Obama’s pledge was never anything more than symbolic. As his administration subsequently made clear, it was not renouncing the practices that made the Guantánamo prison camp notorious—indefinite detention without trial, extraordinary rendition and torture. It was merely seeking to close the facility itself, while continuing such criminal operations elsewhere.

Indeed, it prepared plans for the opening of a “Guantánamo north,” under which detainees would be transferred from Cuba to a prison facility in the US where they would continue to be held without charges or trials.

Meanwhile, thousands were kept under similar conditions of imprisonment at facilities, such as Bagram in Afghanistan and secret CIA sites, while the Obama administration rigorously defended its predecessors against any lawsuits over the torture and other crimes they committed in office.

In January 2011, Obama signed into law a military funding authorization bill that prohibited the transfer of Guantánamo detainees to facilities in the US and effectively barred the prison camp’s closure. Two months later, the White House issued an order for the resumption of drumhead trials before military commissions. Obama’s executive order also made indefinite detention the official policy of his administration.

Then on December 31 of last year, Obama signed the National Defense Authorization Act (NDAA), which contains provisions legalizing the military’s indefinite detention without charges or trials of citizens and non-citizens alike. The measure essentially upends the US Constitution, the Bill of Rights and the centuries-old right of habeas corpus, writing into the law of the land the methods of a military-police dictatorship.

There are still 171 men imprisoned at Guantánamo. Twelve of them have spent the entire decade there, only one of them having been charged and convicted of any offense. Their continued detention is a crime that cries out for immediate redress, including the holding of all those who sent, kept and tortured them there accountable.

This is hardly just a matter of clearing up some unfinished business from the previous administration. The continuation and deepening of the turn towards police state methods initiated under the Bush administration are proof that they were not merely the product of one party or political ideology, but rather the outcome of deep-going contradictions within American capitalism.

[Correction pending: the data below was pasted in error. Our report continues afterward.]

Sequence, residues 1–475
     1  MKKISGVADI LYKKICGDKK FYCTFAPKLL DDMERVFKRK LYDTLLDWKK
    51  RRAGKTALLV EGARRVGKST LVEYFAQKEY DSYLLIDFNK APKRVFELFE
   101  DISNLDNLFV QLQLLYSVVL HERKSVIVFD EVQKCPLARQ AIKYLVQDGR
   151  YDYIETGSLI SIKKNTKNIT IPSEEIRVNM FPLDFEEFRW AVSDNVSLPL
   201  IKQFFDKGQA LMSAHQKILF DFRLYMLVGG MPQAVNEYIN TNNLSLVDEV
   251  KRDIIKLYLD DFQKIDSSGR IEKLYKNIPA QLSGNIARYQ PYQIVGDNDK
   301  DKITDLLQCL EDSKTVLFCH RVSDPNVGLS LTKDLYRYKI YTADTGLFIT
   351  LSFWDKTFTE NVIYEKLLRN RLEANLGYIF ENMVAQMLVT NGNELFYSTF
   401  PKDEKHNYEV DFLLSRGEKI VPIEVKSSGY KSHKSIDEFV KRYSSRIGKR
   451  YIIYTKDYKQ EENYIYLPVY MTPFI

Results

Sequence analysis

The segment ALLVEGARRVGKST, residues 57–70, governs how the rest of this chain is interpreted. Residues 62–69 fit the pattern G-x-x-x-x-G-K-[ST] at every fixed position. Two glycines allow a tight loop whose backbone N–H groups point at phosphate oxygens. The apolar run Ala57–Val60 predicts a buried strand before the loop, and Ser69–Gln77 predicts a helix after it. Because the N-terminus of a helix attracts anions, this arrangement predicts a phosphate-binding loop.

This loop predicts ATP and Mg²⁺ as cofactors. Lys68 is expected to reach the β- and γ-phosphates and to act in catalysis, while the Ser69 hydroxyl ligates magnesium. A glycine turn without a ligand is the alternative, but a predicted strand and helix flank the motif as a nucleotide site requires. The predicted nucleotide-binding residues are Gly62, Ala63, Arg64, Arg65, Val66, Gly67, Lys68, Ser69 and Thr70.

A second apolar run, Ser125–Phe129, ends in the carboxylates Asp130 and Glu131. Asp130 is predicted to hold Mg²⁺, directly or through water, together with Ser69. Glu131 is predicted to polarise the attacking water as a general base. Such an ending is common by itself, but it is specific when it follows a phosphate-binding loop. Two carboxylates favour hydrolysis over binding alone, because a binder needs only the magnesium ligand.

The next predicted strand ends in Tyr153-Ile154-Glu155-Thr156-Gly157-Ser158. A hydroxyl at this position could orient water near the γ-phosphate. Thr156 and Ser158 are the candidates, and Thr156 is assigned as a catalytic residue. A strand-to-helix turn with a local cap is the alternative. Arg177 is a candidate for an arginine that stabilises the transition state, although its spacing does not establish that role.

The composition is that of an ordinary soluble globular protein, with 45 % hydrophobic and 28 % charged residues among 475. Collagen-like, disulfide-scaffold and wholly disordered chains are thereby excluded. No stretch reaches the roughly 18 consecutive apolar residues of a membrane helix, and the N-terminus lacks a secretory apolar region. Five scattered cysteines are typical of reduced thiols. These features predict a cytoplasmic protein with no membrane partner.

Above all, they have been driven by the unprecedented polarization between a tiny wealthy elite, the top 1 percent, which monopolizes wealth and political power, and the vast mass of working people, who are politically disenfranchised and have seen their incomes, jobs and living conditions undergo relentless assault.

The levels of social inequality existing in America today make any genuine democratic processes impossible. With the protracted economic crisis giving rise to social protest and class struggle, the ruling elite is turning to ever more direct forms of state repression to defend its power and privileges.

The actions taken by the Obama White House threaten to bring the criminal methods of Guantánamo home to the US itself for use against the American working class.


The defense of democratic rights, including the dismantling of the entire repressive system associated with Guantánamo, can be prosecuted only by the working class mobilizing its independent strength in the struggle to take political power, put an end to capitalism and reorganize the economy to meet human needs rather than private profit.

Bill Van Auken